Report on Poas (Costa Rica) — 12 June-18 June 2019
Smithsonian / US Geological Survey Weekly Volcanic Activity Report, 12 June-18 June 2019
Managing Editor: Sally Kuhn Sennert
Please cite this report as:
Global Volcanism Program, 2019. Report on Poas (Costa Rica). In: Sennert, S K (ed.), Weekly Volcanic Activity Report, 12 June-18 June 2019. Smithsonian Institution and US Geological Survey.
10.2°N, 84.233°W; summit elev. 2708 m
All times are local (unless otherwise noted)
OVSICORI-UNA reported that on 12 June small geyser-like eruptions at Poás ejected material less than 50 m high at a rate of about once per hour. At 0604 on 18 June an eruption that lasted about six minutes produced a plume of unknown height due to weather conditions. Residents reportedly heard several loud noises during 0610-0615 and observed an eruption plume rising from the crater. Ash fell in Cajón (12 km SW), San Luis de Grecia (11 km SW), Los Ángeles, San Miguel, San Isidro (28 km SE), and San Roque (23 km SSE). Whitish ash deposits surrounding the crater, especially on the W and S sectors, were visible in webcam images.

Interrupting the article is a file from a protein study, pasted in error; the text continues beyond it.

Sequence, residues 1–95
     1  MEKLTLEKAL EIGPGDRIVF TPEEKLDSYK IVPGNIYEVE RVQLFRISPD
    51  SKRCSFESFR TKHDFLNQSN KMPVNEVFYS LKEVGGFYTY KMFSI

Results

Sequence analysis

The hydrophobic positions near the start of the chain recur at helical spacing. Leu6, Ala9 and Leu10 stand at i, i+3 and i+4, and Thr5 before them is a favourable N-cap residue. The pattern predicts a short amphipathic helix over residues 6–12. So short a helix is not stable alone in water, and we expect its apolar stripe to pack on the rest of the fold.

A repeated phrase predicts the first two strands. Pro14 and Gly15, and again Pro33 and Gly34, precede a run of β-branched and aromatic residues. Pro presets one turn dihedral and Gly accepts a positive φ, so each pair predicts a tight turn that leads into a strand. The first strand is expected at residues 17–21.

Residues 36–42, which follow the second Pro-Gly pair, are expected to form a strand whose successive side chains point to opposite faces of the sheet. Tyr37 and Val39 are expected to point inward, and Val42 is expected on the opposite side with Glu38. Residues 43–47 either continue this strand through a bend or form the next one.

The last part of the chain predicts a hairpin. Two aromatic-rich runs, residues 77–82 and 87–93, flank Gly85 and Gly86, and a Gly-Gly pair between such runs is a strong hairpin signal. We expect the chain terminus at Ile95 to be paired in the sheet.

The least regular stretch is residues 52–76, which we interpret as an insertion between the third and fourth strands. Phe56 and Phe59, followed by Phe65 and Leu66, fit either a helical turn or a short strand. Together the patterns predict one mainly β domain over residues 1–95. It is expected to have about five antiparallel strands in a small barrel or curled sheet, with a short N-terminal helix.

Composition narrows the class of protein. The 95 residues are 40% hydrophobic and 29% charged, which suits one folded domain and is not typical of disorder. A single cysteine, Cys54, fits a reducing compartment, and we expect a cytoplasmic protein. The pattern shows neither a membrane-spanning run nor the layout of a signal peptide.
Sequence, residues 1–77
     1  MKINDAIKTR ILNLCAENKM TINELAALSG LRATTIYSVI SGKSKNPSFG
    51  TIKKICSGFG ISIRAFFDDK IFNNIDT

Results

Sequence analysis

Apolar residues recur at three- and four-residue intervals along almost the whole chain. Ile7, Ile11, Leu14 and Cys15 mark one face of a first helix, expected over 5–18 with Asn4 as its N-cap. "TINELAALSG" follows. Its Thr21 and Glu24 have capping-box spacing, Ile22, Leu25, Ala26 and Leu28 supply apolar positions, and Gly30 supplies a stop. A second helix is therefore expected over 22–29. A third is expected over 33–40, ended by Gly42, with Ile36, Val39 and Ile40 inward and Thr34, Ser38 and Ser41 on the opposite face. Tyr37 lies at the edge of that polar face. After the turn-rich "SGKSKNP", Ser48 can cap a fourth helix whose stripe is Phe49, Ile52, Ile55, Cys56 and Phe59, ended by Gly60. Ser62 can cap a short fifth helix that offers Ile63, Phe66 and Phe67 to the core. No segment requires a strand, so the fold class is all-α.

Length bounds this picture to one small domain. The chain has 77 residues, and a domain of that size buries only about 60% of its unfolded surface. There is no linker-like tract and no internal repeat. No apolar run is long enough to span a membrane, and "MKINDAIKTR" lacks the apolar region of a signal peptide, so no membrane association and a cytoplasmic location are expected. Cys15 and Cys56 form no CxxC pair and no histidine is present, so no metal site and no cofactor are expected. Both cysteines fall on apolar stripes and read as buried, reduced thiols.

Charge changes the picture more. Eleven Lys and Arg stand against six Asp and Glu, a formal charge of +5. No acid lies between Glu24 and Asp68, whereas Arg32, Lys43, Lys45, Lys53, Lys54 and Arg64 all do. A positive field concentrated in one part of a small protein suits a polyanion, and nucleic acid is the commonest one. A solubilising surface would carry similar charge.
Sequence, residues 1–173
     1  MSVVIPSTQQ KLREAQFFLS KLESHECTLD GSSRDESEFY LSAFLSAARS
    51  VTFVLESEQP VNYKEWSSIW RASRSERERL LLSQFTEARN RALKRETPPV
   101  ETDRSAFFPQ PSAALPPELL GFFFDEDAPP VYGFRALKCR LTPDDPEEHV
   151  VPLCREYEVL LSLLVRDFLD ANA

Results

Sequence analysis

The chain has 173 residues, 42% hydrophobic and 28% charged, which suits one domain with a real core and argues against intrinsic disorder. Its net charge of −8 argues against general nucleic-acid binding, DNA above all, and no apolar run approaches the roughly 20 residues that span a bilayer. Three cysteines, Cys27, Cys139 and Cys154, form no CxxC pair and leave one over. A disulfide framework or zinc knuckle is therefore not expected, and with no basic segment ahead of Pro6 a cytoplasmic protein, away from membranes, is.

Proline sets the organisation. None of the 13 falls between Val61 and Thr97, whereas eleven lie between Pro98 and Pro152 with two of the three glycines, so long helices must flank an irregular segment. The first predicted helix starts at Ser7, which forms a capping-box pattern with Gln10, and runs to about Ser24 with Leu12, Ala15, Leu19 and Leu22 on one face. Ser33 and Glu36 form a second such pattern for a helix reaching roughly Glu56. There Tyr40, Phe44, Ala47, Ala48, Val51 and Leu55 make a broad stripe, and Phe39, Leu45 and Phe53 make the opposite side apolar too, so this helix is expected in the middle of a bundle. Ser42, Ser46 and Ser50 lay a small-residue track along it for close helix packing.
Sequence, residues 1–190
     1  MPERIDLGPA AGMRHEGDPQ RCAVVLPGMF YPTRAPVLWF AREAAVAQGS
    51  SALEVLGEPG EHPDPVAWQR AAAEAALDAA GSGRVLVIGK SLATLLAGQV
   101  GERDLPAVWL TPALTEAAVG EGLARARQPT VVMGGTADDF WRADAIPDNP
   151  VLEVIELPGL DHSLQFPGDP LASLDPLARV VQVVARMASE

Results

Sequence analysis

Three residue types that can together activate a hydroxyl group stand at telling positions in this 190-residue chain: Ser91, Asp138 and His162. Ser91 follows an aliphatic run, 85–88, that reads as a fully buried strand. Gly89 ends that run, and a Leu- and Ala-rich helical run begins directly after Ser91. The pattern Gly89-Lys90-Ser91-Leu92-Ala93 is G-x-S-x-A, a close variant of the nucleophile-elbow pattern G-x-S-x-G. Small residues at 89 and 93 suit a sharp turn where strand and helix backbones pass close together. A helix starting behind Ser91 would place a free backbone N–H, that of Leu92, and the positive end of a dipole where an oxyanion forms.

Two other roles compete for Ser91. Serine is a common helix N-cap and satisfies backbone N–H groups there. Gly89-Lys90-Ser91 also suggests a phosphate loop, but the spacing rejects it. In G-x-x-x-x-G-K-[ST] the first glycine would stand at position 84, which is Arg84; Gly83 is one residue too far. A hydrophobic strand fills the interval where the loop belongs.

Geologic Background. The broad, well-vegetated edifice of Poás, one of the most active volcanoes of Costa Rica, contains three craters along a N-S line. The frequently visited multi-hued summit crater lakes of the basaltic-to-dacitic volcano, which is one of Costa Rica's most prominent natural landmarks, are easily accessible by vehicle from the nearby capital city of San José. A N-S-trending fissure cutting the 2708-m-high complex stratovolcano extends to the lower northern flank, where it has produced the Congo stratovolcano and several lake-filled maars. The southernmost of the two summit crater lakes, Botos, is cold and clear and last erupted about 7500 years ago. The more prominent geothermally heated northern lake, Laguna Caliente, is one of the world's most acidic natural lakes, with a pH of near zero. It has been the site of frequent phreatic and phreatomagmatic eruptions since the first historical eruption was reported in 1828. Eruptions often include geyser-like ejections of crater-lake water.